Should developing countries starve to stop climate change?

President Obama has won reelection, and he FINALLY mentioned human-caused climate change in his acceptance speech.  “We want our children to live in an America that isn’t… threatened by the destructive power of a warming planet.”  Apparently it took New York City underwater — hot on the heels of the warmest summer in US history, a summer so hot that it destroyed nearly the entire US corn crop — to reawaken Americans to the dangers of messing with Mother Nature.

But as devastating as those disasters were, let’s not forget that most of the humans alive today live in developing countries.  These countries will produce most of the next century’s growth in greenhouse gases, and they will feel the impacts of climate change most acutely.

In that regard, I received this question from a friend:

I always read your posts about climate change, because I am in some ways undecided on it. Related to that, I have a question that you are uniquely qualified to answer: should developing countries (like Uganda, for example), be required to slow down their economic growth on account of global warming?

Good question.  First of all, let me just say that a visit to any developing country will reveal that climate change is, if nothing else, real.  Any Ugandan farmer will tell you that the seasons don’t behave like they used to.  It rains during dry season, and rainy season does not start when it’s supposed to.  It’s hotter than it used to be, the glaciers atop the Rwenzori Mountains are retreating, and things have generally become more unpredictable.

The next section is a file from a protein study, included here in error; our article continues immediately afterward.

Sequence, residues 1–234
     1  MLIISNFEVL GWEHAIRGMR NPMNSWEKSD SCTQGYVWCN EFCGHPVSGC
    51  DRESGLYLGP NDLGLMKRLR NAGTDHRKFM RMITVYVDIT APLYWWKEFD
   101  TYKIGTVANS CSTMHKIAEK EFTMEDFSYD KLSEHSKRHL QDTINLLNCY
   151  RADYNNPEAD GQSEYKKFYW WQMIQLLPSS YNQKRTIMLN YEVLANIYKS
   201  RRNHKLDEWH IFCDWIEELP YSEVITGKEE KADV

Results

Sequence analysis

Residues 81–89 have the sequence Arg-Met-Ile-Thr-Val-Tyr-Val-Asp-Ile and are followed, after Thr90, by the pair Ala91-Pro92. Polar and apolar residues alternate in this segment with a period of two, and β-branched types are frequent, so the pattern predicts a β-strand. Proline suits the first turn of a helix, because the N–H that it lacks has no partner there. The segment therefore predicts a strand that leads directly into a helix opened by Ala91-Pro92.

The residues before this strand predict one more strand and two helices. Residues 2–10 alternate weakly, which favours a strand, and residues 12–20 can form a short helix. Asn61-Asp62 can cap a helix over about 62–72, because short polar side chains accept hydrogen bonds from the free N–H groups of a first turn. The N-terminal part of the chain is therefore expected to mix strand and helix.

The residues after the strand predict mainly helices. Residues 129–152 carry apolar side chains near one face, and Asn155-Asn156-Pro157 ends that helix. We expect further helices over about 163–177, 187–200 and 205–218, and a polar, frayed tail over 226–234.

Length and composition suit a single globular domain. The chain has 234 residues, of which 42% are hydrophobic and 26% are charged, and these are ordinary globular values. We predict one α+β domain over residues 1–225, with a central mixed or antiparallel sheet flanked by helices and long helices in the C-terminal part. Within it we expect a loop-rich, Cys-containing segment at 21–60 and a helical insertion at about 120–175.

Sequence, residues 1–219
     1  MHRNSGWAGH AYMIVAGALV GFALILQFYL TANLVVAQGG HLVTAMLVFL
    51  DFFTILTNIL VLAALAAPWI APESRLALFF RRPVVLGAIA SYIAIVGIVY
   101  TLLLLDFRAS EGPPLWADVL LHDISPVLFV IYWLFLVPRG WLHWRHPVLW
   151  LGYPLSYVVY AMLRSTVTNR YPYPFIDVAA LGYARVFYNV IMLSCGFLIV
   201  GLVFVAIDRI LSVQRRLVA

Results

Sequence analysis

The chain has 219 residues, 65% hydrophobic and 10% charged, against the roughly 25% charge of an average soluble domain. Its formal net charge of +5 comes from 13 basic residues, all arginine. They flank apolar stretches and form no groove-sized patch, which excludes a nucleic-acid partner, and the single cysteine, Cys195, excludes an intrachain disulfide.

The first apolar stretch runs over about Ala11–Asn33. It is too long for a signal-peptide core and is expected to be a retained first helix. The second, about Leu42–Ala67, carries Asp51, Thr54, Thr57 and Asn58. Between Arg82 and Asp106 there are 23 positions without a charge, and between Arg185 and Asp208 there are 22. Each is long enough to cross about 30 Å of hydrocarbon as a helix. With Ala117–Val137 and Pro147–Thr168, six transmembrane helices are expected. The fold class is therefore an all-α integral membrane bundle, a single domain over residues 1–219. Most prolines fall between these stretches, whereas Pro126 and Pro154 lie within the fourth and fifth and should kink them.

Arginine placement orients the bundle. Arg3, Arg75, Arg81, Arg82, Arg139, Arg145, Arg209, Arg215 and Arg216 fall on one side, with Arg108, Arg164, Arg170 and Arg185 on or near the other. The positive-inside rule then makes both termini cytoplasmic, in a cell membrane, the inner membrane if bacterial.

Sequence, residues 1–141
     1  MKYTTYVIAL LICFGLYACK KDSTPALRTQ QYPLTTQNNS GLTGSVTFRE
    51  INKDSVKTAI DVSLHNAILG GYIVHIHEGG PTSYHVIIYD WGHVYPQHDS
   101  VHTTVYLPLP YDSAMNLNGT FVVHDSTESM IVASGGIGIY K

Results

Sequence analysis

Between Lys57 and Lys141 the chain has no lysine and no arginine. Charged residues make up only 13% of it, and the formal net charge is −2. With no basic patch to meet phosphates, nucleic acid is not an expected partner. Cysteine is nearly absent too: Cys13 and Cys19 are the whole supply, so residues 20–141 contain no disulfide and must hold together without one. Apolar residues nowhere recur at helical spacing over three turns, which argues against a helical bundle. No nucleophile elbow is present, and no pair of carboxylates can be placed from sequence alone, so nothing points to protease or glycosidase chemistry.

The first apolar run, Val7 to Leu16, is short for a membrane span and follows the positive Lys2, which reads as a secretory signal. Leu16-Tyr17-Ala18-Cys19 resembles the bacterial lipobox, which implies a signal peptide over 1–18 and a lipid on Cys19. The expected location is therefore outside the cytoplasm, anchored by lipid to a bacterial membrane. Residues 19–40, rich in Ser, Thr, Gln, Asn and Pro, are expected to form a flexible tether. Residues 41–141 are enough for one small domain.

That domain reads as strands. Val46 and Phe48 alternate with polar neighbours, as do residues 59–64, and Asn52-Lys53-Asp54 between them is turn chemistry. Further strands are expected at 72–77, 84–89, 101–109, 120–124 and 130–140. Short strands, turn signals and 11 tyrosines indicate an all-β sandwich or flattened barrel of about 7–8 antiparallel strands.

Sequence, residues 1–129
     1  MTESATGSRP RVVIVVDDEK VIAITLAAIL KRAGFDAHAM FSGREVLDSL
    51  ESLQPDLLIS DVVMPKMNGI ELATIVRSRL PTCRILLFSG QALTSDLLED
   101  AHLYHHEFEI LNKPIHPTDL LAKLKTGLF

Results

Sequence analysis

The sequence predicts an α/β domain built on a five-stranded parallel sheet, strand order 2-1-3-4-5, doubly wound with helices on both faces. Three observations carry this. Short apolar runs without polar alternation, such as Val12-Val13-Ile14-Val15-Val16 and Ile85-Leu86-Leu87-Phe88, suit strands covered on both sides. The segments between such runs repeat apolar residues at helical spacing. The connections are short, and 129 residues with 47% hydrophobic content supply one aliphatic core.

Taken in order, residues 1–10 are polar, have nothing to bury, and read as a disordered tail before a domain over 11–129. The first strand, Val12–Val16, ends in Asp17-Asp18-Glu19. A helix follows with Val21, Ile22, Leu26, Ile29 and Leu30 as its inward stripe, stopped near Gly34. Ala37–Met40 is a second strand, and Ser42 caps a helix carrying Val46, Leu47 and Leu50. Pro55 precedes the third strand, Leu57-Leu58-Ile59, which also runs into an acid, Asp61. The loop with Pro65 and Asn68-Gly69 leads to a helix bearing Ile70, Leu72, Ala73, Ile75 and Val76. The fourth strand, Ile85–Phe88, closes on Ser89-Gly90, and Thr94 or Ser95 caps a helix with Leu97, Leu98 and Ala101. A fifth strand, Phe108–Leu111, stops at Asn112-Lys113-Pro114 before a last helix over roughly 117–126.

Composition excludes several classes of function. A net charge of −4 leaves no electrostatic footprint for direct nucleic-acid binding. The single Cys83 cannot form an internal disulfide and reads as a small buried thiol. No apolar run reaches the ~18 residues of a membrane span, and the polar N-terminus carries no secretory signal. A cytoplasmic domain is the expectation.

And there is no question this is caused by human emissions of greenhouse gases.  We know that CO2 traps heat – this is easily measured in a laboratory.  And we know that humans are emitting CO2 into the atmosphere from burning fossil fuels; in fact, the measured increase in CO2 matches exactly the amount predicted by adding up all the fossil fuels burned over the last 150 years.  So all else being equal, the temperature of the planet MUST increase.  And indeed, NASA has confirmed that there is less heat escaping into space at the exact spectrum of CO2, and temperatures have steadily increased for the last 100 years.

So whether you ask a NASA scientist or Ugandan matooke farmer, the evidence is not just overwhelming, it’s undeniable that the planet is heating up, and human fossil fuel emissions are responsible.

But the real question is, what do we do about it?  Conventional wisdom is that reducing greenhouse gases reduces economic growth.  We can survive reduced growth in rich countries, but what about countries that are already so poor they can barley feed and medicate themselves?  Should they be required to slow their development to forestall climate change?

And the answer is… well, actually, you don’t have to choose.  The tradeoff between protecting the environment and economic growth is in reality a false choice, for two reasons.  First, climate change itself will devastate developing economies, canceling out at least some of the economic benefit of fossil fuel led development.  And second, economic development does not depend on fossil fuels the way it used to; just like developing countries do not rely on landlines for their telecom needs, they will not need fossil fuels to power their broader economic growth. For these reasons, reducing global warming pollution does not mean reducing poor countries’ development.  Quite the opposite: their economies in fact depend on finding sources of energy that don’t contribute to global warming.